Matthew Tarr, Ph.D.



  • B.S., Emory 1988
  • Ph.D., Georgia Tech 1992


Research Specialties

  • Analytical Chemistry
  • Environmental Studies

Professor Tarr's research focuses on several areas including the study of free radicals in environmental systems, the study of free radicals in biological systems, and the synthesis and characterization of nanomaterials for environmental and biomedical applications. Three projects are currently being pursued:

  1. production of chemical oxidants for pollutant degradation;
  2. free radical oxidation of cell membranes and lipids;
  3. synthesis and characterization of noble metal-metal oxide nanoparticles.

The first project involves the use of chemical reactants (such as Fe2+-H2O2) or low energy methods (such as sonochemistry) to produce reactive oxygen species. Hydroxyl radical (HO·) is the primary oxidant in these systems, although other species may also occur (e.g., superoxide, hydroperoxyl radical). These reactive oxygen species are then utilized to degrade unwanted pollutants. Such techniques are being investigated in both aqueous and soil systems. The effects of the sample matrix on reaction rates and pathways are of particular interest. Furthermore, we develop systems that maximize the oxidation of the targeted pollutant while minimizing the loss of oxidant through reaction with matrix species. Current studies are focusing on modified cyclodextrins, a class of naturally occurring oligosaccharides, as additives that can improve degradation efficiency.

The second project involves the attack of laboratory generated free radicals on simulated membranes and biolipids such as low density lipoprotein (LDL). In these studies, free radicals are generated by chemical methods, and the resulting oxidation of the membrane or lipoprotein is studied using analytical techniques such as mass spectrometry and fluorescence spectroscopy.

The third project involves synthesis and characterization of nanocomposite materials containing metal oxides and noble metals (e.g. gold). In this work, we utilize sonochemical, photochemical, and wet chemical techniques to produce nanoscale materials with more than one phase. For example, we have produced gold-magnetite nanocomposites, titanium dioxide-magnetite nanocomposites, and titanium dioxide-gold nanocomposites. Once produced, we characterize these materials using a range of techniques including transmission electron microscopy, elemental analysis, X-ray powder diffraction, and magnetic measurements. The materials are then studied for applications such as photocatalytic pollutant destruction, drug delivery, and biomedical imaging.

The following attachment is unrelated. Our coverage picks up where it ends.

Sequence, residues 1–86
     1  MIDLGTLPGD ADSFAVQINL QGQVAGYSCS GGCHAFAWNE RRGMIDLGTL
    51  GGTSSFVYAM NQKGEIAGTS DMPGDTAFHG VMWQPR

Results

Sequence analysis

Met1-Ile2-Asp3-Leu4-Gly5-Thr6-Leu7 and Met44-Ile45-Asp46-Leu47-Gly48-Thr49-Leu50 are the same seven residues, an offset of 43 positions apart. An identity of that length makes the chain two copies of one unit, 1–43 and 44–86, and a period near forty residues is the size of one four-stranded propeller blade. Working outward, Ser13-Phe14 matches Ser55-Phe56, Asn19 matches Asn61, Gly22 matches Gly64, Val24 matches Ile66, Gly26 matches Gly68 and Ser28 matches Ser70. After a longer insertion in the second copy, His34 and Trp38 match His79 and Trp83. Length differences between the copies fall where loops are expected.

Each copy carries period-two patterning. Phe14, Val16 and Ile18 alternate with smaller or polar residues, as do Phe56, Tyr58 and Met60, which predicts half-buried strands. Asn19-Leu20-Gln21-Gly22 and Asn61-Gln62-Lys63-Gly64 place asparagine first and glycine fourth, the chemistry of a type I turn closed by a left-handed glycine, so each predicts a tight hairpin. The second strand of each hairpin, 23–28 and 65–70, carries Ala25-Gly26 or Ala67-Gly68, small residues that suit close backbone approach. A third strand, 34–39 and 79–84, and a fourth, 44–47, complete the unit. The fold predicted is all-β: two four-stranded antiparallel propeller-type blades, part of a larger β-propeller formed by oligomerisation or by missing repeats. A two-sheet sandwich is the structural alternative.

Recent Papers

"Formation of Gold Coated Magnetic Nanoparticles Using TiO2 as a Bridging Material," B. L. Oliva, A. Pradhan, D. Caruntu, C. J. O'Connor, and M. A. Tarr, J. Mat. Res. 2006, 21, 1312-1316.

"Swimming Performance of Juvenile Florida Pompano Exposed to Ethylene Glycol and Methanol: Synergistic Effects," M. A. Stead, D. M. Baltz, E. J. Chesney, M. A. Tarr, A. S. Kolok, and B. D. Marx, Trans. Am. Fisheries Soc. 2005, 134, 1438-1447.

"Enhancement of sonochemical degradation of phenol using hydrogen atom scavengers," W. Zheng, M. Maurin, and M. A. Tarr, Ultrason. Sonochem. 2005, 12, 313-317.

"Evidence for the existence of ternary complexes of iron, cyclodextrin, and hydrophobic guests in aqueous solution," W. Zheng and M. A. Tarr, J. Phys. Chem. B 2004, 108, 10172-10176.

"Dication induced stabilization of gas-phase ternary beta-cyclodextrin inclusion complexes observed by electrospray mass spectrometry," Yang Cai, Matthew A. Tarr, Guoxiang Xu, Talat Yalcin, and Richard B. Cole, J. Am. Soc. Mass Spectrom. 2003, 14, 449-459.

"Enhanced Fenton Degradation of Hydrophobic Pollutants by Simultaneous Iron and Pollutant Complexation with Cyclodextrins," M. E. Lindsey, G. Xu, J. Lu, and M. A. Tarr, Sci. Tot. Environ. 2003, 307, 215-229.